A History of Medieval Europe, RHC Davis
Charlemagne and his descendants were not able to sustain empire. There were many physical reasons for this – the difficulty of defending vast reaches, invasions by Vikings, Saracens, and Hungarians, etc.
But the root of the demise was an idea – an idea so strongly held that it overcame the most powerful entity in Western Europe since the fall of Rome. It was the idea of private law.
The Carolingians tried to bury this idea; it was not conducive to empire. In order to sustain empire, the emperor required the consent of his subjects:
…the ruler who devised a scheme of defence should also be capable of sustaining the morale of his men.
The Carolingians had ever larger borders to defend. They required new and ever-increasing support from the various kings and lords to make this defense effective. These kings and lords had to want to support the emperor. But why did their opinion matter? Couldn’t the emperor just pass a law, force compliance?
A king could only command his subjects to perform those services to which they had already been liable, and a lord could only expect customary services from his vassals. He had no right to invent new duties, and his subjects or vassals would not perform them, unless they had voluntarily given their consent.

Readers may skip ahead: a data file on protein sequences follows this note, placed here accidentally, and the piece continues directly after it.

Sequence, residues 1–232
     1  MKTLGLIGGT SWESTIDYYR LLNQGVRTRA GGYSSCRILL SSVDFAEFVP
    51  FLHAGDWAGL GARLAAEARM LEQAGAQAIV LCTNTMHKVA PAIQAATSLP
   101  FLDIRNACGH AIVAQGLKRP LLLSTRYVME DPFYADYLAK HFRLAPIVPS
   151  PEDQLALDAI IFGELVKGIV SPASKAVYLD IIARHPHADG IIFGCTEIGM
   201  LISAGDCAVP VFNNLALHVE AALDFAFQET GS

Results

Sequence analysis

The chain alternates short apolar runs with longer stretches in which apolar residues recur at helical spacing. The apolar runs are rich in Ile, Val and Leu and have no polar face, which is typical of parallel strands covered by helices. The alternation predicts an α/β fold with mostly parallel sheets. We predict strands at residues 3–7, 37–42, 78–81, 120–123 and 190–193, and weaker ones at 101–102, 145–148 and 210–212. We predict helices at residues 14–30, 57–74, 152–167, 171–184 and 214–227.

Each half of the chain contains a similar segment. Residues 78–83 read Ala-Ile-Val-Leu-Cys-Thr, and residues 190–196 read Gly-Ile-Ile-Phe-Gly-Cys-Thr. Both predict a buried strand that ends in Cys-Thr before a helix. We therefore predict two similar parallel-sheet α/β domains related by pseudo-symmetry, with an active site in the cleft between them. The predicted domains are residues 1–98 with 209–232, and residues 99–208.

Law by consent, not by compulsion.
A king who wanted to increase taxation, lengthen army-service, or impose additional duties such as the building and garrisoning of fortresses, had therefore to convince his subjects that it was worth their while to perform these services….
It was a philosophy of law that inherently favored decentralization, as opposed to a common and uniform law which is both necessary and conducive to centralization.
Consequently everything favoured the rulers of small territories as against the rulers of vast empires.
And somehow this is considered…barbaric…uncivilized…medieval?
One lord with a castle, completely garrisoned, and victualled, was worth twenty emperors who spent their time marching and counter marching from the Rhine to the Pyranees or from the Danube to the Scheldt.
This would seem sufficient enough reason to support the concept of private law based on custom; law that was both old and good. It is as close to a libertarian theory of law actually put into widespread practice as I have found, sustained over such a long period.
Decentralized law led to decentralized power. Decentralized power led to small feuds instead of grand battles.
Was the system perfect? No, but how could any system implemented by man be perfect? But what if it was this system of law subject to further study and learning – instead of the centralizing Roman law that came both before it and after it?
The system of decentralized law worked because it was accepted – it is a system that people believed was best. What if it was this system of law that men kept in their hearts?
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